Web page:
Radiohead followed with “Karma Police” and their was an instant eruption. People were straight up screaming every word and even sang an extra chorus after the song ended. “Weird Fishes” was next and then “Everything In Its Right Place”. The high synths of the latter soared above us and the acoustics were simply unparalleled from the festival’s other sets. These small touches still set the band apart. “Idioteque” brought out Thom Yorke’s martian dance moves, then they played “Bodysnatchers”, “Street Spirit”, “Bloom”, “Paranoid Android”, “Nude” and “2+2=5”. They’re ability to so nimbly maneuver between such eclectic albums is still amazing. “There There” closed out the set before a quick encore pause. They returned to (yes, indeed) play “Creep” as arguably the most cell phones in the history of a concert quickly appeared.
You can view the full setlist here.
(Photo by Eric Pamies)
After the Radiohead exodus, I stepped into a packed Rayban Bowl. It was quite the site as people were packed in, circling 270 degrees around Animal Collective. Amidst the domed orb tent of the stage and the Aquí hay tomate installation art within view, AnCo’s abstract maximalist jams felt at home. Noah Lennox, Avey Tare and Geologist’s polyrhythms were amplified by a live drummer. Some of their tendencies for musical tangents were overcome by the sheer rhythmic force. A metallic face statue on stage and a Picasso-esque backdrop seemed fitting. They covered a lot of material, including excellent versions of Merriweather Post Pavilion’s “Daily Routine”, Feels’ “Loch Raven” and Painting With’s “Floridada“. AnCo delivered a mesmerizing nocturnal set here.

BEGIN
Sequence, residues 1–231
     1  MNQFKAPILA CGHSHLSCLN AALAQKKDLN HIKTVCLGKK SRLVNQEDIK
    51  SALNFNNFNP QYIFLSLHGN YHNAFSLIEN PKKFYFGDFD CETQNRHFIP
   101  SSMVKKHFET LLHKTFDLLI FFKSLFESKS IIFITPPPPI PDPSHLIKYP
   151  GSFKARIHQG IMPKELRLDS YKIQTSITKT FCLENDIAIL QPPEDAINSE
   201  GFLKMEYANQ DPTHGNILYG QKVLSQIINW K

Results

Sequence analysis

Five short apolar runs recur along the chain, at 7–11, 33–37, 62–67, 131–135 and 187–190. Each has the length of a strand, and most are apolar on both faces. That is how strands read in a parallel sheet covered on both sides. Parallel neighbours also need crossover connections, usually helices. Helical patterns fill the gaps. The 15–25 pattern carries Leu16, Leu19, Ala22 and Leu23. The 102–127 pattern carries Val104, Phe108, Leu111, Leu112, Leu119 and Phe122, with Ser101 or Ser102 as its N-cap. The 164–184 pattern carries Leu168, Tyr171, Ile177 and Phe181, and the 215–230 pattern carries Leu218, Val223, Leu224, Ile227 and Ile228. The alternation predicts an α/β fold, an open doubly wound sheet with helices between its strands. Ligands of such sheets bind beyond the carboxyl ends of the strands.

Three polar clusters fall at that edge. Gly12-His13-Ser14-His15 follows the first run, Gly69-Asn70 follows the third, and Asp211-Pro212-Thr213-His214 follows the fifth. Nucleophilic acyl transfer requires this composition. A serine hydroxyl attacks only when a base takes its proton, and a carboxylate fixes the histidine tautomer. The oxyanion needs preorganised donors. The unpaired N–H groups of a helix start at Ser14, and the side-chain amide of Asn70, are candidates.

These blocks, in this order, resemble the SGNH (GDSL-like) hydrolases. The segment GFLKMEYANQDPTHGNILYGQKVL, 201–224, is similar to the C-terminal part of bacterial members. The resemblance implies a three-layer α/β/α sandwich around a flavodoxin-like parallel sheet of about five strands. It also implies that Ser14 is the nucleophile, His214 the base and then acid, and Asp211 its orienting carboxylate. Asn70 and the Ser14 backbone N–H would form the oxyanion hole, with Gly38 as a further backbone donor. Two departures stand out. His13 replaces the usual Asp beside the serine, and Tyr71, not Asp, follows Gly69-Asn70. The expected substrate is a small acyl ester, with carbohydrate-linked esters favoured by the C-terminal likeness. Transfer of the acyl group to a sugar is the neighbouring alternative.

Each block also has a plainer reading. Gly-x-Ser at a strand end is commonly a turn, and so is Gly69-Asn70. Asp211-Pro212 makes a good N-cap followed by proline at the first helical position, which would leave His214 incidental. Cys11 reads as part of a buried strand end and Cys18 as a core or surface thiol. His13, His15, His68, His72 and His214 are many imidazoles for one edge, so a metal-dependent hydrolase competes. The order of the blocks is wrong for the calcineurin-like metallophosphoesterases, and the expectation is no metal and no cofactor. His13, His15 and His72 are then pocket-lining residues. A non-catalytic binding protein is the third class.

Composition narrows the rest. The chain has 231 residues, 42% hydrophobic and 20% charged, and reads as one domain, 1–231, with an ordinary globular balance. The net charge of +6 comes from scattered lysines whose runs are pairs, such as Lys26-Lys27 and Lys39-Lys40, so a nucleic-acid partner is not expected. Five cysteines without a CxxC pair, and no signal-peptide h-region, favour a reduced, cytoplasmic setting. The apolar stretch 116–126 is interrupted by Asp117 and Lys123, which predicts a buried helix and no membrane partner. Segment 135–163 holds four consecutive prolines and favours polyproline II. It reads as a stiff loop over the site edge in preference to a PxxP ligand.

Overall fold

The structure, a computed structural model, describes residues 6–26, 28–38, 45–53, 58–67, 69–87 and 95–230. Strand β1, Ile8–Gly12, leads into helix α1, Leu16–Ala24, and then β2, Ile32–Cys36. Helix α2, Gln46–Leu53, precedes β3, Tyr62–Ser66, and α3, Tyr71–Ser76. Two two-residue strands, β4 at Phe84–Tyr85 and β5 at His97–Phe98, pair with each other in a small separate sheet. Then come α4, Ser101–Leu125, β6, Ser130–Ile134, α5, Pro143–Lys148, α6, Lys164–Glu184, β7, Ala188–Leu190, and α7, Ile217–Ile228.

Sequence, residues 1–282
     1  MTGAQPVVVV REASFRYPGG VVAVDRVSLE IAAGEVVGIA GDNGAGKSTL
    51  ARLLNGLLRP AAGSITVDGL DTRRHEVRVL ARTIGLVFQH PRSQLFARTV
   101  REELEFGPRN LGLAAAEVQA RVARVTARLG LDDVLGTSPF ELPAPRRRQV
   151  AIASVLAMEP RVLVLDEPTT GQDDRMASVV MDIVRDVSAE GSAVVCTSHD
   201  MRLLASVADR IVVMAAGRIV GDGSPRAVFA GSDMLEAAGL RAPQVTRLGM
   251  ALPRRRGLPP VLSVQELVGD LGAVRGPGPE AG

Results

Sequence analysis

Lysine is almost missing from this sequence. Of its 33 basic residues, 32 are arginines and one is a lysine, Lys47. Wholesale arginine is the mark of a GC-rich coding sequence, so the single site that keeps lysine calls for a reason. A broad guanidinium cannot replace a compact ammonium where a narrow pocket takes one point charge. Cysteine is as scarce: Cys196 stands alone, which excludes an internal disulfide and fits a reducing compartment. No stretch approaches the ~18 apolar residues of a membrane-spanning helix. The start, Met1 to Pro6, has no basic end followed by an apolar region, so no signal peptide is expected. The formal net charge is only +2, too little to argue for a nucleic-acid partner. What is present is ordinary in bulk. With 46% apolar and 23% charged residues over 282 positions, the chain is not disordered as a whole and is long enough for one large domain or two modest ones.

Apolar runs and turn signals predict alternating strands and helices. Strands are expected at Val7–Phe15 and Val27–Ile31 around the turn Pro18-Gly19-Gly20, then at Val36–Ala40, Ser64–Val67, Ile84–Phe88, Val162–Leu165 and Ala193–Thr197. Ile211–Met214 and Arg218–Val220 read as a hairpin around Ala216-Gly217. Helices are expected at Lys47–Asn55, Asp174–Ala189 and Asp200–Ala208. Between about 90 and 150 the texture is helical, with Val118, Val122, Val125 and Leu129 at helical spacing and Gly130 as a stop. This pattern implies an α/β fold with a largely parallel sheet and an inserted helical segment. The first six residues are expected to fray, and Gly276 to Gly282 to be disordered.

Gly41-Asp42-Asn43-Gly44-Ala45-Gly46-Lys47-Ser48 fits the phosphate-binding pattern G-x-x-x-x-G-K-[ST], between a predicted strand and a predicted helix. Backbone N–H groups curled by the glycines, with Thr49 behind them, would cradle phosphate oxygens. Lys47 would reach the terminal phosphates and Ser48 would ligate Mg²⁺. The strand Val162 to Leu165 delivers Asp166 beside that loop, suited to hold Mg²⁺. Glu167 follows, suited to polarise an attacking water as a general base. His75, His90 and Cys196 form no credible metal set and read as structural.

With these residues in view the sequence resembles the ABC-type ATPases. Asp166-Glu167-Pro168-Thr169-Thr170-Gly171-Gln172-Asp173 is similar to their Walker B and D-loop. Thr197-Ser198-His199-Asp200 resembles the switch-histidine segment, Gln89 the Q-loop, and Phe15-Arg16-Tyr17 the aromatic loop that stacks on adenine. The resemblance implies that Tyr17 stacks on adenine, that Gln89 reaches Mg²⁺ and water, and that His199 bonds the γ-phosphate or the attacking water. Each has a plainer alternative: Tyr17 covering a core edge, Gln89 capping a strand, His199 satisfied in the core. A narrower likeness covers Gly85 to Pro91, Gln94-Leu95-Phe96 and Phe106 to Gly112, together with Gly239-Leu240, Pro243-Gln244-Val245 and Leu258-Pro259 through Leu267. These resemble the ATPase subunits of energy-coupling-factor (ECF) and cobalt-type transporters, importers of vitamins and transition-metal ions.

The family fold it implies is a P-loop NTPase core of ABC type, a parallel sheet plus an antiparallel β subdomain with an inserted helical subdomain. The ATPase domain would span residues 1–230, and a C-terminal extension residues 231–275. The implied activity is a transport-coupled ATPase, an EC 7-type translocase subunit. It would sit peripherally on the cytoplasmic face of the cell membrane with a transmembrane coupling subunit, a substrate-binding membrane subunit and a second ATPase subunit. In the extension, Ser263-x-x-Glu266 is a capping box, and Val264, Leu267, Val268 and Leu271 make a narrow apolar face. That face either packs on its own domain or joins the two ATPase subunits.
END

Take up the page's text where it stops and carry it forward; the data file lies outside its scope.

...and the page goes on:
(Photo by Xarlene)
Beach House showed up 15 minutes late for their 02:00 show, but it made no difference once they delivered the majestic dream atmosphere to Heineken stage patrons. I didn’t catch any of their intimate, installation shows and a comparison between those and this headlining set would be fascinating. But Beach House had no issues captivating the festival crowd. They opened with Depression Cherry’s “PPP”, played a striking version of Teen Dream‘s “Silver Soul” followed by “Space Song”. Keeping the DP and TD album alternations going, they returned to “10 Mile Stereo”. They covered a number of DP tracks, a few from Bloom and a single Thank Your Lucky Stars track (“Elegy to the Void”) before closing with “Sparks”. Maybe all music just sounds better at 2:45am on the beach, but Beach House’s songs felt especially fitting as the mist rolled in from the sea.
(Photos by Eric Pamies)